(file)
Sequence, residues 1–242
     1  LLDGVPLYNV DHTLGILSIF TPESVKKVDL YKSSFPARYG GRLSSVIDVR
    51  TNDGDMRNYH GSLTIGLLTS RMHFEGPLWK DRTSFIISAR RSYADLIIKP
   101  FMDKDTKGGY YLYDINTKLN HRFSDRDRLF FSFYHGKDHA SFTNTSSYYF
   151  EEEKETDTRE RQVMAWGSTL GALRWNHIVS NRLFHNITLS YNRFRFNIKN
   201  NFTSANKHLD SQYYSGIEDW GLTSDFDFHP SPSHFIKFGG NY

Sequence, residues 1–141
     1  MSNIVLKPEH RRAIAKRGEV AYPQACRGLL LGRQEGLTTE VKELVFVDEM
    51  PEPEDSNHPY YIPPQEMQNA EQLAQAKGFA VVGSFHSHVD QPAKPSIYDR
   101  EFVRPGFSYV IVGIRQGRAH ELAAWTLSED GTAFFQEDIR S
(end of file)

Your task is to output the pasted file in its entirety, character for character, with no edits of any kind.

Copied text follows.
Sequence, residues 1–242
     1  LLDGVPLYNV DHTLGILSIF TPESVKKVDL YKSSFPARYG GRLSSVIDVR
    51  TNDGDMRNYH GSLTIGLLTS RMHFEGPLWK DRTSFIISAR RSYADLIIKP
   101  FMDKDTKGGY YLYDINTKLN HRFSDRDRLF FSFYHGKDHA SFTNTSSYYF
   151  EEEKETDTRE RQVMAWGSTL GALRWNHIVS NRLFHNITLS YNRFRFNIKN
   201  NFTSANKHLD SQYYSGIEDW GLTSDFDFHP SPSHFIKFGG NY

Sequence, residues 1–141
     1  MSNIVLKPEH RRAIAKRGEV AYPQACRGLL LGRQEGLTTE VKELVFVDEM
    51  PEPEDSNHPY YIPPQEMQNA EQLAQAKGFA VVGSFHSHVD QPAKPSIYDR
   101  EFVRPGFSYV IVGIRQGRAH ELAAWTLSED GTAFFQEDIR S